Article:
It’s my first official Backlist Burndown review! Thanks to Lisa @ The Tenacious Reader, on the last Friday of each month we get to link up with other bloggers who are participating. The goal is to read a book from an author’s backlist that you’ve been meaning to read, but just haven’t been able to get to. I could honestly spend all my time reading backlist books, since I’m so behind, LOL! But trying for one a month is a good start.
This book is also part of my Women of Genre Fiction challenge, hosted by Worlds Without End.
This month I read Zoo City by the immensely talented Lauren Beukes, author of Broken Monsters and The Shining Girls. I believe this is her second published book, and it couldn’t be more different from Broken Monsters!
Zoo City by Lauren Beukes
Genre: Adult urban fantasy
Publisher: Angry Robot
Release date: 2010
The nitty-gritty: A highly imaginative, gritty, dangerous romp through a fantastical Johannesburg, with non-stop action and a unique and unforgettable heroine.
The tea tasted like stale horse piss, drained through a homeless guy’s sock.
Lauren Beukes’ Broken Monsters was one of my top ten reads of 2014, and I was eager to read more of her earlier works. I decided to choose Zoo City for a couple of reasons. First, I just love the cover and the fact that animals play a big part in the story, and second, I wanted to read something that could count toward my Women of Genre Fiction challenge. Zoo City won the Arthur C. Clarke award in 2011, and it’s not hard to see why. The writing sizzles with electricity and is the perfect style for Beukes’ story of magic, political upheaval, and survival in a futuristic Johannesburg, South Africa.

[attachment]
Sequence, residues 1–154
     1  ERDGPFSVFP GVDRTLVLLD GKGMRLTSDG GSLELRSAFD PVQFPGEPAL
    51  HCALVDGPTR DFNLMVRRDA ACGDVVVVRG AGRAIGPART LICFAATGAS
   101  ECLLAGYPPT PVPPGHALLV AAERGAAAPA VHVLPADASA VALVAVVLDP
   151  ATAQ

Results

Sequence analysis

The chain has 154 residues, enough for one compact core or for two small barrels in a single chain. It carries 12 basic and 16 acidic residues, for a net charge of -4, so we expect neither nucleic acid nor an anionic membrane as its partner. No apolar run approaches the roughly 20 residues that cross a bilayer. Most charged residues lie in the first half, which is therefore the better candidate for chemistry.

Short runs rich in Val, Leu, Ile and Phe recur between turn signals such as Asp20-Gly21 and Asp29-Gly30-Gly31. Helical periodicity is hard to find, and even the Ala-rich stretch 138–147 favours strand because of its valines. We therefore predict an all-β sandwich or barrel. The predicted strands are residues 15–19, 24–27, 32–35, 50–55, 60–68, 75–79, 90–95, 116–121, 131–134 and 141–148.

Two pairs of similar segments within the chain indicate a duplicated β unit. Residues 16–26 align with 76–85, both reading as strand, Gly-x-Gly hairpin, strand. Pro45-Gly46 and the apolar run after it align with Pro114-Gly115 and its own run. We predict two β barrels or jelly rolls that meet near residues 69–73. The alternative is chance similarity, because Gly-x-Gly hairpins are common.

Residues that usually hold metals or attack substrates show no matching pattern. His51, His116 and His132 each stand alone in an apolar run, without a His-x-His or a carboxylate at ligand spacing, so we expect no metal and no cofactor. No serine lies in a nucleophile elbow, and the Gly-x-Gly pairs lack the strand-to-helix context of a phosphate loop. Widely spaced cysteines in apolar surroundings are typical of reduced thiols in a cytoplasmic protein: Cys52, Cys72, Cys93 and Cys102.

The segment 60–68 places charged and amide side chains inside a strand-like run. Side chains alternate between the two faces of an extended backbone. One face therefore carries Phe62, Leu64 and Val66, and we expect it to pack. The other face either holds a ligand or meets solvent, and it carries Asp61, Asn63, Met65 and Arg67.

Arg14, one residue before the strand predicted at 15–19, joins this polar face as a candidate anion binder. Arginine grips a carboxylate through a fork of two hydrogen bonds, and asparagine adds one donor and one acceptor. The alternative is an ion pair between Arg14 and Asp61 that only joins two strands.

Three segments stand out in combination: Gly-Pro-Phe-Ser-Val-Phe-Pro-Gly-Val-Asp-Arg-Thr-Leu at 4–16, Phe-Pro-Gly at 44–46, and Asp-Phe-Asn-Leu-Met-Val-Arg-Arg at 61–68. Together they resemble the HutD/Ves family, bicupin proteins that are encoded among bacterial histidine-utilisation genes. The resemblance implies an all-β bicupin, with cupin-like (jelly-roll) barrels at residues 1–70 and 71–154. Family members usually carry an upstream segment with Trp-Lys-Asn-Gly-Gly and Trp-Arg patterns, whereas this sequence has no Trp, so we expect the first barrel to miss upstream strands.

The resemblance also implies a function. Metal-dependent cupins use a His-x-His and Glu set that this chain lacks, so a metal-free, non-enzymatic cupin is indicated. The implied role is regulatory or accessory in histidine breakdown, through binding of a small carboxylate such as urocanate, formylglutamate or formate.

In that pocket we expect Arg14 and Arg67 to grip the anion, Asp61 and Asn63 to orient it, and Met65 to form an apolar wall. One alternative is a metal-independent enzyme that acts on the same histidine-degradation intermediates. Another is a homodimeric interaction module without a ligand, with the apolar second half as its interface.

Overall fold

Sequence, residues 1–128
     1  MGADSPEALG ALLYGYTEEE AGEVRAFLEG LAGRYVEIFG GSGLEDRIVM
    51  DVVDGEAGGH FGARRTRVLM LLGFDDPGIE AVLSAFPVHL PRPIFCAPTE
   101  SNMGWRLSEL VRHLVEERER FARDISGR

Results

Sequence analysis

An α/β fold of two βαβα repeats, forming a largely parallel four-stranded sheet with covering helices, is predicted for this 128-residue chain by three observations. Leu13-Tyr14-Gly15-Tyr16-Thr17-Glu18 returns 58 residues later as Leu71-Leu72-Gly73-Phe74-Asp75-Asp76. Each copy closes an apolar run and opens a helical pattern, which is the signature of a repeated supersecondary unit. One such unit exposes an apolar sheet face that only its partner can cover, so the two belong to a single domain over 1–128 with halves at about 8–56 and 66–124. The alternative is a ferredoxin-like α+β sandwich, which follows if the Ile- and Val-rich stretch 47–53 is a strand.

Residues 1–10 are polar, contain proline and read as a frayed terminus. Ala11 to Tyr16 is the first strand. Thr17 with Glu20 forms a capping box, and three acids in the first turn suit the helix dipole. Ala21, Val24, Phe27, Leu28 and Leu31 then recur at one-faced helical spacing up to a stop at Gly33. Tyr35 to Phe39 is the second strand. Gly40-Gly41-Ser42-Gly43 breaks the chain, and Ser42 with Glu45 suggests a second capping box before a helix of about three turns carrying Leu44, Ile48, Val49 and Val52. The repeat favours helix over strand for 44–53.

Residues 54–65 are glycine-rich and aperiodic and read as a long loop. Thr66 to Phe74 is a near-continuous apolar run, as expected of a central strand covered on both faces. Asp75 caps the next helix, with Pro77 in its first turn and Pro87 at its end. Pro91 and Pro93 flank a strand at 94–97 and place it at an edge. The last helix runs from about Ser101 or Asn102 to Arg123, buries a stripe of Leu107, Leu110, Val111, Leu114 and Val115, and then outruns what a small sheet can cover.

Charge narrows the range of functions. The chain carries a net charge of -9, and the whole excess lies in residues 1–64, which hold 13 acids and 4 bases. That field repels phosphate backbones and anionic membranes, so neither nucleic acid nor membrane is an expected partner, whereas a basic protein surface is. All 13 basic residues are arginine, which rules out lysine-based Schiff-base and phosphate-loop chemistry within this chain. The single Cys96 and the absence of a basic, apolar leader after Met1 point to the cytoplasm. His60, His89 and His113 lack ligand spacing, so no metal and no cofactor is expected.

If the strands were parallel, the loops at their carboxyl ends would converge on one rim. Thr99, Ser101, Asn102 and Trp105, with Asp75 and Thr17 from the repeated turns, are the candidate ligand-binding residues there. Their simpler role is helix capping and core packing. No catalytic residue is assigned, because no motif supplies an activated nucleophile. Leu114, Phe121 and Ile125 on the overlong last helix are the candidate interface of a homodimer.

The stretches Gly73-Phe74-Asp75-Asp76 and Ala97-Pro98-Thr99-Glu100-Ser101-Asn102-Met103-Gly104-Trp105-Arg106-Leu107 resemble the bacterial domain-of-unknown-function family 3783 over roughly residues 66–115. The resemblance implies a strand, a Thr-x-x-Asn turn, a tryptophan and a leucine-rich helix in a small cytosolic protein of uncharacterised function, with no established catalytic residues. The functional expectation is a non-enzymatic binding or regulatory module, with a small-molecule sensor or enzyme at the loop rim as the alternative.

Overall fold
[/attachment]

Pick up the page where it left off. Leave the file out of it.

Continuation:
The setting alone should clue you into what kind of story this is. Beukes, who lives in South Africa, clearly has first-hand experience with the political and social landscape of the country (although she does credit many sources for helping her with research). This book was a rough read at times, with graphic violence, terrible living conditions, and nasty characters. But there were also moments of beauty (though fleeting!) and compassion, and man did I love the animals!
Zinzi December lives in Zoo City, a block of decrepit apartments where those who have been “animalled” huddle together. In this future society, a mysterious plague has created a most unusual side effect to murder: anyone who commits it suddenly finds themselves with a personal animal companion. Their animal is psychically attached, and the two can never be separated or they experience excruciating pain. Zinzi’s animal is a Sloth who mostly clings to her back and communicates with her not in words, but with gestures. Zinzi fears what all animalled people fear: the Undertow, a devilish entity from Hell that comes to take them away when their animals die.
When Zinzi acquired Sloth, she was also saddled with a magical ability to “find” lost things, like rings or car keys. One day, she’s about to return a lost ring to its elderly owner, but when she goes to the house, the woman has just been murdered. At the crime scene, Zinzi is approached by a pair of animalled people named Marabou and Maltese (with a Stork and a Dog attached to them) who want to hire her to find a missing teen pop star. Zinzi takes the job, but her life is about to take a turn for the worse.